(Washington, D.C.) The Air Force arming its classic B-1B bomber with long-range, lethal hypersonic weapons able to move at 5-times the speed of sound, skip along the boundaries of the earth’s atmosphere and descend upon targets at lightning speed -- before an enemy might have a chance to respond, or even know what’s on the way.
During a recent “mock up” of a B-1B weapons bay, Air Force weapons developers showed that the platform can carry as many as four hypersonic weapons internally.
“In a demo I saw recently, the bulkhead moves as its designed...when you take a CRL(Conventional Rotary Launcher) as its designed. The mock up they had was one of the larger hypersonic weapons. It will be able to carry four or more hypersonic weapons internally. You can see the merit of that,” Gen. Timothy Ray, Commander, Air Force Global Strike Command, told reporters at the Air Force Association conference.
Speaking broadly about the services’ plans for a future bomber fleet, Ray said the service will need to sustain its current fleet of bombers, such as the B-1, B-52 and B-2, until the new B-21 Raider arrives in sufficient numbers. The timing of what constitutes “sufficient” numbers may still be a subject of evaluation among Air Force planners, however the service does say it plans for at least 100 B-21s. Given this evolving timetable, Ray explained his hope regarding some weapons specifics for the current fleet.
“My preference would be that all of them have external hard points open for some carriage and an extended bomb-bay. The external hard points can carry the smaller hypersonics along with JASSM (Joint Air to Surface Standoff Missile, JASSM ER(extended range) and LRASM(Long Range Anti-Ship Missile). You can see a greater versatility for that aircraft configuration,” Ray said.
The demo showed that the B1-Bs magazine capacity can be increased from 24 weapons internally, all the way up to 40, Lt. Col. Dominic Ross, B-1B program element monitor, AFGSC, (Air Force Global Strike Command) said in an Air Force Report.
“This gets the B-1 into the larger weapons, the 5,000 pounders. It gets it into the hypersonics game as well,” Ross said in the report.
Accommodating larger hypersonic weapons into a B1 bomb-bay brings a number of strategic implications; not only does it massively increase the target envelope and range but also allows for longer mission “dwell” time over targets to sustain attacks. The timing of the demos is significant as well, given that it serves two key Air Force aims -- accelerate hypersonic weapons to war and sustain and upgrade the B-1 to its maximum extent.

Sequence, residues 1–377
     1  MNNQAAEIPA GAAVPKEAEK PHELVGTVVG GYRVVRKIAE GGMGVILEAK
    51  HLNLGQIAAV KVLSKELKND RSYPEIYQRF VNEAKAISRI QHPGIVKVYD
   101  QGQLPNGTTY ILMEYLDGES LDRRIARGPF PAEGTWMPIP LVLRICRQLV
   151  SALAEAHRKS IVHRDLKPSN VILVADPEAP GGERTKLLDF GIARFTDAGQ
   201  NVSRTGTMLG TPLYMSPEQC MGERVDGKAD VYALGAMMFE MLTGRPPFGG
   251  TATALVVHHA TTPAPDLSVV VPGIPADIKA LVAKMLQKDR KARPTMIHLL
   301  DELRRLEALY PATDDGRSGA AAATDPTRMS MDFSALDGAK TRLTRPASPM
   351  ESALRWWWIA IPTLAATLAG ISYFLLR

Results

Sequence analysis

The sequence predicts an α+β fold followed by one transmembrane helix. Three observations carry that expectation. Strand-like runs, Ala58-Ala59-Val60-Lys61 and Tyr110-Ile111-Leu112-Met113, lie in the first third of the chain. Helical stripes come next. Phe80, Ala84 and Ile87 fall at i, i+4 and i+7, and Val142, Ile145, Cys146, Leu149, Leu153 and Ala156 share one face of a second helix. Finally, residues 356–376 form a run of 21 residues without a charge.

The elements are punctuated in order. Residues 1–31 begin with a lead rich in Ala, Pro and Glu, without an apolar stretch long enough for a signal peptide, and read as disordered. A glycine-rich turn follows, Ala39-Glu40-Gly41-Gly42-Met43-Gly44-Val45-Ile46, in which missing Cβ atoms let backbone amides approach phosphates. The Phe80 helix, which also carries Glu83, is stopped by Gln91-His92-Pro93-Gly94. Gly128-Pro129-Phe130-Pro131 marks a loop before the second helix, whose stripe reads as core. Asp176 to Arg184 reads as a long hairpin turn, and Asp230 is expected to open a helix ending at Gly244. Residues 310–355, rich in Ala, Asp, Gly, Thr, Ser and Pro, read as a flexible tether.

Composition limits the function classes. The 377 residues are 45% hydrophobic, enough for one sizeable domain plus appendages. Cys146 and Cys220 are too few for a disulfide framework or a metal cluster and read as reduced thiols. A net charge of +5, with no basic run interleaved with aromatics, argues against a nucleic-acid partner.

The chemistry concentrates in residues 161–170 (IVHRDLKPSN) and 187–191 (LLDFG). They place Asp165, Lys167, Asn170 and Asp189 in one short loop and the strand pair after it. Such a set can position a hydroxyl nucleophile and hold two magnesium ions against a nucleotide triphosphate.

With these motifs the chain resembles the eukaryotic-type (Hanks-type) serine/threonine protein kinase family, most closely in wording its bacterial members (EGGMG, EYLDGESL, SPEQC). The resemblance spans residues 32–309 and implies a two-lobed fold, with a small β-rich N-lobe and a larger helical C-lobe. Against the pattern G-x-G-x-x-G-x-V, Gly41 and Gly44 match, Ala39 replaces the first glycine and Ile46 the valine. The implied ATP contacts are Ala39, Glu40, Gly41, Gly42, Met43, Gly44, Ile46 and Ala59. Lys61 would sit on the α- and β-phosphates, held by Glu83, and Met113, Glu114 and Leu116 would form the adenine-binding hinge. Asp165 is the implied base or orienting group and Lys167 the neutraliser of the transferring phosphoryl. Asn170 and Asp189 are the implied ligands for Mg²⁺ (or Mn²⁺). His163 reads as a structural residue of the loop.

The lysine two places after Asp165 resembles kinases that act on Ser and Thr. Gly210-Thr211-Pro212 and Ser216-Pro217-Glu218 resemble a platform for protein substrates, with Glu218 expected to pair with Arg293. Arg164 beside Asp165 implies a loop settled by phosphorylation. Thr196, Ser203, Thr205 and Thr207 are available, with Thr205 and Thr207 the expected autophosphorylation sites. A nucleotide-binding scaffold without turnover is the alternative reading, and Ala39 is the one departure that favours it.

Integrating large hypersonics also integrates with the Air Force’s broader intent to more quickly merge innovations from the Science and Technology realm into operational use. A new S&T Air Force strategy, released earlier this year, emphasizes greater synergy between scientifically-oriented weapons breakthroughs and “bending” metal on prototypes and systems in preparation for operational combat use.
“The S&T strategy articulates five different areas of strategic capabilities to address as enduring military problems. One of those is speed and reach of disruption and lethality. One of the ways to address this is through hypersonics as a tool in the toolbox for operators,” Tim Sakulich, Executive Lead for Implementing the Air Force S&T Strategy, Air Force Research Lab, told Warrior in an interview.
Although hypersonic weapons are already being prototyped and test-fired, manufacturing hypersonics brings substantial technical challenges, many weapons developers explain. The require very precise engineering to manage propulsion, temperature and target guidance, among other things. A missile travelling at five-times the speed of sound brings never-before-seen dynamics to weapons production. Finding the right materials, Sakulich explained, is crucial.
“From a materials and manufacturing standpoint, we are contributing to the hypersonics capability base by looking at materials and processes that will enable designers to demonstrate these kind of future capabilities and make them affordable. This includes looking at composites and materials for thermal management,” Sakulich, who also serves as the Director of Materials and Manufacturing, Air Force Research Lab, told Warrior during the interview.
Interestly, in a manner consistent with Sakulich’s comments, a Raytheon essay on hypersonics cites “thermodynamics” or “heat”management as essential to the effort. Objects, such as weapons, traveling at hypersonic speeds naturally generate a massive amount of heat which must be properly managed for the weapon to function. Specific materials designed to withstand high temperatures need to be used as well, Raytheon data states. One of the greatest challenges with hypersonics is what the Raytheon paper refers to as the “effects chain” -- the command and control, networking and sensor technology sufficient to achieve the requisite guidance, targeting and precision flight.